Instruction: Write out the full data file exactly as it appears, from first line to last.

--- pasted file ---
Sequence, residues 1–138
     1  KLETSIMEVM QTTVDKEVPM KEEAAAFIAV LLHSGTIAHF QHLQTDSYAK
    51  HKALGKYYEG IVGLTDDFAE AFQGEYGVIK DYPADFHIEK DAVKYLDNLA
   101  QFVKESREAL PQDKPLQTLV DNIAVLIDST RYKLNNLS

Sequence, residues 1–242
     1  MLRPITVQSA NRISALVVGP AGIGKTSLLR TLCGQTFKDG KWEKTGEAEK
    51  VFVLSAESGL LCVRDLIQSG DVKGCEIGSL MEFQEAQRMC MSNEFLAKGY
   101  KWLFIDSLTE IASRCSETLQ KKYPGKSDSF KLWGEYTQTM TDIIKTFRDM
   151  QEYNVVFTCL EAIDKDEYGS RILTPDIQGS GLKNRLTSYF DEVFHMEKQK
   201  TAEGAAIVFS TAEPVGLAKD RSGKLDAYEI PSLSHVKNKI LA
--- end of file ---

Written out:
Sequence, residues 1–138
     1  KLETSIMEVM QTTVDKEVPM KEEAAAFIAV LLHSGTIAHF QHLQTDSYAK
    51  HKALGKYYEG IVGLTDDFAE AFQGEYGVIK DYPADFHIEK DAVKYLDNLA
   101  QFVKESREAL PQDKPLQTLV DNIAVLIDST RYKLNNLS

Sequence, residues 1–242
     1  MLRPITVQSA NRISALVVGP AGIGKTSLLR TLCGQTFKDG KWEKTGEAEK
    51  VFVLSAESGL LCVRDLIQSG DVKGCEIGSL MEFQEAQRMC MSNEFLAKGY
   101  KWLFIDSLTE IASRCSETLQ KKYPGKSDSF KLWGEYTQTM TDIIKTFRDM
   151  QEYNVVFTCL EAIDKDEYGS RILTPDIQGS GLKNRLTSYF DEVFHMEKQK
   201  TAEGAAIVFS TAEPVGLAKD RSGKLDAYEI PSLSHVKNKI LA